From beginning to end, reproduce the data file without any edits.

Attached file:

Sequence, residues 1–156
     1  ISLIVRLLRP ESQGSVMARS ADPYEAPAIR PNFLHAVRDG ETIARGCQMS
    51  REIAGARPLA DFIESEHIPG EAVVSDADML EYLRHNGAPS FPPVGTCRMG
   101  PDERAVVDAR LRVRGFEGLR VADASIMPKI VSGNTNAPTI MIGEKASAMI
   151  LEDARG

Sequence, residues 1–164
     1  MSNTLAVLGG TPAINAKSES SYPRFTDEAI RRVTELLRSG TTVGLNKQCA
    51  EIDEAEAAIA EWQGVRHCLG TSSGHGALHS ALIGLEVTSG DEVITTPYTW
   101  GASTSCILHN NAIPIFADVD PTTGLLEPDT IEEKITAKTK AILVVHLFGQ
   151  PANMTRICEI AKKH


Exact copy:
Sequence, residues 1–156
     1  ISLIVRLLRP ESQGSVMARS ADPYEAPAIR PNFLHAVRDG ETIARGCQMS
    51  REIAGARPLA DFIESEHIPG EAVVSDADML EYLRHNGAPS FPPVGTCRMG
   101  PDERAVVDAR LRVRGFEGLR VADASIMPKI VSGNTNAPTI MIGEKASAMI
   151  LEDARG

Sequence, residues 1–164
     1  MSNTLAVLGG TPAINAKSES SYPRFTDEAI RRVTELLRSG TTVGLNKQCA
    51  EIDEAEAAIA EWQGVRHCLG TSSGHGALHS ALIGLEVTSG DEVITTPYTW
   101  GASTSCILHN NAIPIFADVD PTTGLLEPDT IEEKITAKTK AILVVHLFGQ
   151  PANMTRICEI AKKH